Effects of acute exposure to a high-fat, high-sucrose diet on gestational glucose tolerance and subsequent maternal health in mice†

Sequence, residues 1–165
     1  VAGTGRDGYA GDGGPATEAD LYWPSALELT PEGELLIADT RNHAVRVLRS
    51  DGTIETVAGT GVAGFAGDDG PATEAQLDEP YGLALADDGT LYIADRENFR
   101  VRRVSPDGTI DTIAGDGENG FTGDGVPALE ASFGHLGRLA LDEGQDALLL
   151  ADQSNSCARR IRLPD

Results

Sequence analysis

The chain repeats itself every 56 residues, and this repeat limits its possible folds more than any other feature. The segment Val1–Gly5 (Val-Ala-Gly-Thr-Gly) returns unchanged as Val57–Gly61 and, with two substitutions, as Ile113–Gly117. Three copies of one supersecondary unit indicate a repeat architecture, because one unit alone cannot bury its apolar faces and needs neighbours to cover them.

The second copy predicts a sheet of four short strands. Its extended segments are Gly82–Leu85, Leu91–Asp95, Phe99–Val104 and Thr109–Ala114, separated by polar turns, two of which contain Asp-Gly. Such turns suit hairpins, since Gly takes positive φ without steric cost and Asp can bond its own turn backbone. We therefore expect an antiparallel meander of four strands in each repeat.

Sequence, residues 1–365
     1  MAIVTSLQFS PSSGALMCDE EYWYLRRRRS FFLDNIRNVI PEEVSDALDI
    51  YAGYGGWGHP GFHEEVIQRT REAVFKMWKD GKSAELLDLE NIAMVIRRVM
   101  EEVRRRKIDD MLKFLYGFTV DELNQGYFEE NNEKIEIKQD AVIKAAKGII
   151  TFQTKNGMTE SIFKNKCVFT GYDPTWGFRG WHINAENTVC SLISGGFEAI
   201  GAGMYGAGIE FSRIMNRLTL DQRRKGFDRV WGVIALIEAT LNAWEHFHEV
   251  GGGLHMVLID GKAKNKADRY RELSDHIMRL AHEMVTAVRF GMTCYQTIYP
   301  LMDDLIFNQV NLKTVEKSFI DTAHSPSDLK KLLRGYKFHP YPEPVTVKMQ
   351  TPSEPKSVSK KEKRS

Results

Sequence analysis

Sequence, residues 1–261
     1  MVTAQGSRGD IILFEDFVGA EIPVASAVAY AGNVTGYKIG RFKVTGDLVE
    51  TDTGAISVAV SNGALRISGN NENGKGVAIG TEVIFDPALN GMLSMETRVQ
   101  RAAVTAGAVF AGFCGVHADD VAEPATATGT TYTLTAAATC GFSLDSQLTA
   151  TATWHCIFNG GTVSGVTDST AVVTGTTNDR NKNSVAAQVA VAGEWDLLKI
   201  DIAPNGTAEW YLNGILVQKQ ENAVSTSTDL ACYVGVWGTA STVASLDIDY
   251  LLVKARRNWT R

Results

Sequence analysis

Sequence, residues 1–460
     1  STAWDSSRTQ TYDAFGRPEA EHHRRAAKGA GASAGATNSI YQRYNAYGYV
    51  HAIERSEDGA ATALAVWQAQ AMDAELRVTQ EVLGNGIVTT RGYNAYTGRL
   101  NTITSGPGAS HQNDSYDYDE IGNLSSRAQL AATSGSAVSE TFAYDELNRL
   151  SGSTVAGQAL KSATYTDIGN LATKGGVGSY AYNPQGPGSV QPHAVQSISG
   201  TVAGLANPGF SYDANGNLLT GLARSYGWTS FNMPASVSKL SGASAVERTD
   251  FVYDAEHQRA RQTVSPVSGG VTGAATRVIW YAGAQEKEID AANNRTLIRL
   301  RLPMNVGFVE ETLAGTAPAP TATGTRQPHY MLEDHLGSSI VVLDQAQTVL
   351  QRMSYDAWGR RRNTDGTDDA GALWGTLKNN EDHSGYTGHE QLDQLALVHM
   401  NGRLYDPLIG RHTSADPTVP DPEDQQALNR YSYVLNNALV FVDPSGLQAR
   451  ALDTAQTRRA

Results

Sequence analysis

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Gestational diabetes mellitus (GDM) is a common obstetric complication. Half of women who have GDM will go on to develop type 2 diabetes. Understanding the mechanisms by which this occurs requires an animal model of GDM without ongoing diabetes at conception. C57Bl/6J mice react acutely to a high-fat, high-sucrose (HFHS) challenge. Here, we hypothesized that a periconceptional HFHS challenge will induce glucose intolerance during gestation. C57Bl/6J female mice were placed on an HFHS either 1 or 3 weeks prior to mating and throughout pregnancy. Intraperitoneal glucose tolerance tests, insulin measurements, and histological analysis of pancreatic islets were used to assess the impact of acute HFHS. C57Bl/6J females fed HFHS beginning 1 week prior to pregnancy became severely glucose intolerant, with reduced insulin response to glucose, and decreased pancreatic islet expansion during pregnancy compared to control mice. These GDM characteristics did not occur when the HFHS diet was started 3 weeks prior to mating, suggesting the importance of acute metabolic stress. Additionally, HFHS feeding resulted in only mild insulin resistance in nonpregnant females. When the diet was discontinued at parturition, symptoms resolved within 3 weeks. However, mice that experienced glucose intolerance in pregnancy became glucose intolerant more readily in response to a HFHS challenge later in life than congenic females that experienced a normal pregnancy, or that were fed the same diet outside of pregnancy. Thus, acute HFHS challenge in C57Bl/6 mice results in a novel, nonobese, animal model that recapitulates the long-term risk of developing type 2 diabetes following GDM.

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